News / Science & Technology

UN Warns on Mobile Cybersecurity Bugs to Prevent Attacks

A woman holds up a SIM card, which she won in a June lottery, in Rangoon, Burma, June 24, 2013.A woman holds up a SIM card, which she won in a June lottery, in Rangoon, Burma, June 24, 2013.
x
A woman holds up a SIM card, which she won in a June lottery, in Rangoon, Burma, June 24, 2013.
A woman holds up a SIM card, which she won in a June lottery, in Rangoon, Burma, June 24, 2013.
Reuters
A United Nations group that advises nations on cybersecurity plans to send out an alert about significant vulnerabilities in mobile phone technology that could potentially enable hackers to remotely attack at least half a billion phones.

The bug, discovered by German firm, allows hackers to remotely gain control of and also clone certain mobile SIM cards.

Hackers could use compromised SIMs to commit financial crimes or engage in electronic espionage, according to Berlin's Security Research Labs, which will describe the vulnerabilities at the Black Hat hacking conference that opens in Las Vegas on July 31.

The U.N.'s Geneva-based International Telecommunications Union, which has reviewed the research, described it as "hugely significant."

"These findings show us where we could be heading in terms of cybersecurity risks," ITU Secretary General Hamadoun Touré told Reuters.

He said the agency would notify telecommunications regulators and other government agencies in nearly 200 countries about the potential threat and also reach out to hundreds of mobile companies, academics and other industry experts.

A spokeswoman for the GSMA, which represents nearly 800 mobile operators worldwide, said it also reviewed the research.

"We have been able to consider the implications and provide guidance to those network operators and SIM vendors that may be impacted," said GSMA spokeswoman Claire Cranton.

Nicole Smith, a spokeswoman for Gemalto NV, the world's biggest maker of SIM cards, said her company supported GSMA's response.

"Our policy is to refrain from commenting on details relating to our customers' operations," she said.

Becoming the SIM

Cracking SIM cards has long been the Holy Grail of hackers because the tiny devices are located in phones and allow operators to identify and authenticate subscribers as they use networks.

Karsten Nohl, the chief scientist who led the research team and will reveal the details at Black Hat, said the hacking only works on SIMs that use an old encryption technology known as DES. The technology is still used on at least one out of eight SIMs, or a minimum of 500 million phones, according to Nohl.

The ITU estimates some 6 billion mobile phones are in use worldwide. It plans to work with the industry to identify how to protect vulnerable devices from attack, Touré said.

Once a hacker copies a SIM, it can be used to make calls and send text messages impersonating the owner of the phone, said Nohl, who has a doctorate in computer engineering from the University of Virginia.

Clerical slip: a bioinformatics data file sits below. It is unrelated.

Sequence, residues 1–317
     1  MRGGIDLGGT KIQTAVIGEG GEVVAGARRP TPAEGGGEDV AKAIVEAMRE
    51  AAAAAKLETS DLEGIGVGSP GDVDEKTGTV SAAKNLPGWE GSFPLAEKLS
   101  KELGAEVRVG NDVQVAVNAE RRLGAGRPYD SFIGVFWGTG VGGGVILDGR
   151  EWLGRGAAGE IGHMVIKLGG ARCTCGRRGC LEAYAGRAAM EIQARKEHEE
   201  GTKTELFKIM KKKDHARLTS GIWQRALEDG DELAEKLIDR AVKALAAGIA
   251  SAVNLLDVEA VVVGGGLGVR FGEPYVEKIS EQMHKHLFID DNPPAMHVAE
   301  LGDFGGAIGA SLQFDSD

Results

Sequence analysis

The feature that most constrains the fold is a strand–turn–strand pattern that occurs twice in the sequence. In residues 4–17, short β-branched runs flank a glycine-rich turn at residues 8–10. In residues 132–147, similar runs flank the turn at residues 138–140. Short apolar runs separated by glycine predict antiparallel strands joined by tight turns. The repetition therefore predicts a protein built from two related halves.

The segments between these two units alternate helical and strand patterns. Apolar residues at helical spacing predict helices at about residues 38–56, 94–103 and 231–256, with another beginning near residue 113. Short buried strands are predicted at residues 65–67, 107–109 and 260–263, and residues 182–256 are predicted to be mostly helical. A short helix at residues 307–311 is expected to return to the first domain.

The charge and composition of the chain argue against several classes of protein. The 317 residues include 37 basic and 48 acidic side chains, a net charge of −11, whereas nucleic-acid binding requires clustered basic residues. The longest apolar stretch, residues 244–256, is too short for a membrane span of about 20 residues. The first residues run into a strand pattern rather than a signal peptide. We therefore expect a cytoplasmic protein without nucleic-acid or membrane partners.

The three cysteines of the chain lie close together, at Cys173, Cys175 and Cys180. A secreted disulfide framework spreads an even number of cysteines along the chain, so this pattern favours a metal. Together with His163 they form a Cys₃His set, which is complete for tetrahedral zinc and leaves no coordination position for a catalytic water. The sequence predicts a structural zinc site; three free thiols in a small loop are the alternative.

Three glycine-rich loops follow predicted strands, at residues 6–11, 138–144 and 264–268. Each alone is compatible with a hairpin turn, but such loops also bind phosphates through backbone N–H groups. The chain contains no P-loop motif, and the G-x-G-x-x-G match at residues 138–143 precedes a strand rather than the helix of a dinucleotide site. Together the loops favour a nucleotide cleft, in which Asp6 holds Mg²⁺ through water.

"We become the SIM card. We can do anything the normal phone users can do," Nohl said in a phone interview. "If you have a MasterCard number or PayPal data on the phone, we get that too."

IPhone, Android, BlackBerry

The mobile industry has spent several decades defining common identification and security standards for SIMs to protect data for mobile payment systems and credit card numbers. SIMs are also capable of running apps.

Nohl said Security Research Labs found mobile operators in many countries whose phones were vulnerable, but declined to identify them. He said mobile phone users in Africa could be among the most vulnerable because banking is widely done via mobile payment systems with credentials stored on SIMs.

All types of phones are vulnerable, including iPhones from Apple Inc, phones that run Google Inc's Android software and BlackBerry Ltd smartphones, he said.

BlackBerry's director of security response and threat analysis, Adrian Stone, said in a statement that his company proposed new SIM card standards last year to protect against the types of attacks described by Nohl, which the GSMA has adopted and advised members to implement.

Apple and Google declined comment.

CTIA, a U.S. mobile industry trade group based in Washington, D.C., said the new research likely posed no immediate threat.

"We understand the vulnerability and are working on it," said CTIA Vice President John Marinho. "This is not what hackers are focused on. This does not seem to be something they are exploiting."

You May Like

China’s Influence Grows With New Infrastructure Bank

Multibillion-dollar China-backed and BRICS-supported Asian Infrastructure Investment Bank seen as possible challenger to such lenders as IMF, World Bank More

Video Rabbi Hits Road to Heal Jewish-Muslim Relations in France

Rabbi Michel Serfaty makes the rounds in his friendship bus to encourage dialogue and break down barriers between the two groups More

Post-deal Iran Leaders Need 'Economic Momentum' to Solidify

Economists say deal could inject more than $100 billion into coffers - not enough to entirely rescue ailing economy - but maybe adequate to create 'economic momentum' More

Featured Videos

Your JavaScript is turned off or you have an old version of Adobe's Flash Player. Get the latest Flash player.
US Gay Marriage Ruling Yields Real-life Impacti
X
Michael Bowman
June 28, 2015 10:05 PM